Working conditions for Turkey's textile workers worsen under the pandemic
After interviews with 60 textile workers, the study found:
- 66.7% of workers were not employed formally, one of the conditions that are required for workers to access protective measures such as unpaid leave, short-time working allowance, and unemployment benefits, issued by the government.
- 88.5% of workers stated they did not receive any help from the state or another institution.
- When workers were asked how they commuted to work during the pandemic, 65.3% said they commuted “on foot”. This indicates that unregistered workers were obliged to continue working on the days of curfew.
One of the most striking findings of the report is that informal workers have no rights and do not claim any rights. This situation becomes more apparent when unregistered workers prefer workplaces in close proximity, where they can walk to and from work during the curfew.
- When asked whether physical distance, mask-wearing and hygiene rules are followed in the workplace, 50% replied, "None of these rules are valid." while 37.4% replied that all the rules were followed.
- 45.6% receive a salary below the minimum wage, and 73.6% are receiving their salary in cash, once again highlighting the high rate of unregistered employment.
- All of the unregistered workers have difficulties in making a living; workers who received short-time working allowance from the state told researchers that the amount paid was not even enough to make payments such as rent and invoices
Another finding of the report addresses that the measures taken to support the labour market do not cover the high unregistered employment in the sector, and that they are also insufficient for the insured workers. For example, while there was the prohibition of dismissals, the employers were allowed to put workers on unpaid leave which deepened their financial difficulties.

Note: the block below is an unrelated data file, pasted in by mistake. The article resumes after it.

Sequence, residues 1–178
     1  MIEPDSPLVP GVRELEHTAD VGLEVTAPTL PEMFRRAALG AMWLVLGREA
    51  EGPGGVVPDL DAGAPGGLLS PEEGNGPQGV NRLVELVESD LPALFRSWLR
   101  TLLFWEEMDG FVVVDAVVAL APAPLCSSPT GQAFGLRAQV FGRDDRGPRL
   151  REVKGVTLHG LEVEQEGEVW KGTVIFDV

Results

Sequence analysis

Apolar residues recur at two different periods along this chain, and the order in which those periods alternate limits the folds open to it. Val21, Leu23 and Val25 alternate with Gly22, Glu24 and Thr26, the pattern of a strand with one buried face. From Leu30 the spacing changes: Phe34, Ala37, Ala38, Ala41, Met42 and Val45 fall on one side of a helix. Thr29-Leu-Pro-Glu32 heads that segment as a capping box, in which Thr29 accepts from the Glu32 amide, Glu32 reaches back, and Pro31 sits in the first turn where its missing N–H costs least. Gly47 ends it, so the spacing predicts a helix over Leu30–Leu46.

Tarık, a young worker living with his family of seven, has continued to work during the pandemic.
In the first days of the pandemic, the workplace was closed for two weeks. The registered
workers were given a week of compulsory paid annual leave, and a week of leave without pay. Tarık could not get any payments from the state because he works without insurance.
In the first days of the pandemic, it was not mandatory to wear a mask in the workplace, however when workers started to get sick the workplace closed for a week (Tarik received weekly paid leave), and on return, workers were instructed to wear their masks.
Despite more cases of COVID-19 at the workplace, production continued, and at one point the employer declared the workshop closed, receiving state money, but continued production of PPE.
With textile workers, the majority informal workers, having to survive on wages below the minimum wage, receiving little to no social support, and in some cases put on unpaid leave, these findings make it clear that it has never been more paramount for brands to sign the wage assurance and severance guarantee fund, and ensure their workers are paid during the pandemic.
Brands cannot let the financial burden fall on workers - #PayYourWorkers!
You can find the report here.
You can find out more about the #PayYourWorkers campaign here.